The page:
Located on the North Devon coastline, Woolacombe has been a popular destination for holiday makers for many generations.
Woolacombe is steeped in history – a typical Edwardian/Victorian coastal resort town dominated by large villa style houses and grand hotels, it was first recorded in the Domesday book as Wolnecoma, literally meaning ‘Wolves Valley’. At the time the valley was thickly wooded and presumably wolves could be found. There were no inhabitants living in Woolacombe at the time of the Domesday survey in 1086 – even the parish of Mortehoe was little more than a single farm.
Woolacombe Tracey, the medieval manor, is shown on the site of Woolacombe Farm on early ordinance survey maps, and medieval rubble has been found near this site supporting the possibility. Woolacombe Tracey was the seat of the Tracey family, Sir William de Tracey was said to have lived here after his involvement in the murder of Thomas a Becket in 1170.
The 1840’s Tithe map for Mortehoe Parish shows Woolacombe as a small cluster of buildings located around the Beach Road junction with Sandy Lane. Some distance to the east could be found two settlements of similar size, being east Woolacombe and Over Woolacombe. At this time there was no development along the shoreline and Woolacombe was only a modest village or large hamlet – having no church of its own.
In the 1880’s a Barnstaple architect, Arnold Thorne, laid out Woolacombe for development as a coastal resort. Plots of land were set out and leased to individual developers for periods of 99 years by the Chichester Estate. The development grew at a slow pace, the seafront along the Esplanade being mainly a row of Victorian and Edwardian villas, with a rapid period of building from 1890, when maps show the Esplanade devoid of buildings, to 1905 when the shoreline frontage is mainly as it is today.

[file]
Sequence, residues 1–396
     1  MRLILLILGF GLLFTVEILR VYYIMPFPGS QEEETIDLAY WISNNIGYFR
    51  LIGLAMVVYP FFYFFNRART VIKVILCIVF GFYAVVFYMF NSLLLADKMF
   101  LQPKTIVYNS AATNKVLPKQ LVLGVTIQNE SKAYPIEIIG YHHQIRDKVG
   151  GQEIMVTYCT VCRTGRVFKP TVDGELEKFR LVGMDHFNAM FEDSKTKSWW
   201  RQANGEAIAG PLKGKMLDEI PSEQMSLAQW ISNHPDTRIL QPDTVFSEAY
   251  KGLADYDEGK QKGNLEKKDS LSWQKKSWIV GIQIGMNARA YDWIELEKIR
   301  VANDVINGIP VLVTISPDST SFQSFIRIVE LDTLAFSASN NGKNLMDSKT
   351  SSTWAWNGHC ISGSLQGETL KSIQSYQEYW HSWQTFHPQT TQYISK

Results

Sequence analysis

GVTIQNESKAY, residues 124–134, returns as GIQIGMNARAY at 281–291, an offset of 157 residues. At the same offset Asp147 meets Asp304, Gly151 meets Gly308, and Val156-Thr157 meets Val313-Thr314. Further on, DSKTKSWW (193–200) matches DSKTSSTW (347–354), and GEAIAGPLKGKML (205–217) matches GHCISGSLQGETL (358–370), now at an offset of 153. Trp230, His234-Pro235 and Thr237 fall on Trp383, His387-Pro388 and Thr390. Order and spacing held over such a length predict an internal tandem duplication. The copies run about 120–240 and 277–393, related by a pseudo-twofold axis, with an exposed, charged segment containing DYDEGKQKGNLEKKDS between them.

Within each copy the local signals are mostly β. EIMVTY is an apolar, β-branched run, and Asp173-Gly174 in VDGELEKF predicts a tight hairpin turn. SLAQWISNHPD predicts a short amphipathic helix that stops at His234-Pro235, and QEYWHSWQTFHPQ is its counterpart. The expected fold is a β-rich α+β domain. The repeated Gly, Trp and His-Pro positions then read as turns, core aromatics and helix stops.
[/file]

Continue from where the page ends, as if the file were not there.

The main landscape features are clearly the beach and the two headlands, Morte Point and Baggy Point, which frame its sands. The beach is visible from the vast majority of points in the village and an increasing number of people get their first look at Woolacombe from the various paths and trails (including the Tarka Trail and the South West Coast path) which runs through Woolacombe from north to south. As such views from Potters Hill out over Woolacombe are important from the south, and the path out to Morte Point at the north.
Several buildings within the conservation area were constructed by the Chichester Estate, Hartland house was used as an estate office for several years and the next door Parade House was built for Dame Rosalie Chichester as a summer residence in 1890.
One of the most significant and imposing buildings in the village is the Woolacombe Bay Hotel (above). The hotel was constructed in 1887 when it applied for its first license, and was initially called the “Shakespeare Hotel”, although this must have been short-lived as the building is labelled as the Woolacombe Bay Hotel on the 1904 Ordinance Survey mapping.
By 1919 the resort in Woolacombe had all of the services you would expect to find, including two banks, a post office, printers, golf course and 45 houses offering apartments of lodgings.
Like a number of British beaches Woolacombe Beach has always been privately owned, Stanley Parkin bought the beach and the Greensward in 1948. When Lady Chichester died in 1949, on her passing the Chichesters’ land in Woolacombe and Morethoe and the family estate at Arlington was willed to the National Trust. Parade House was left to her housekeeper, Rllan Smale. The land we know today as Marine Drive was left to Devon Country Council for them to construct a coast road.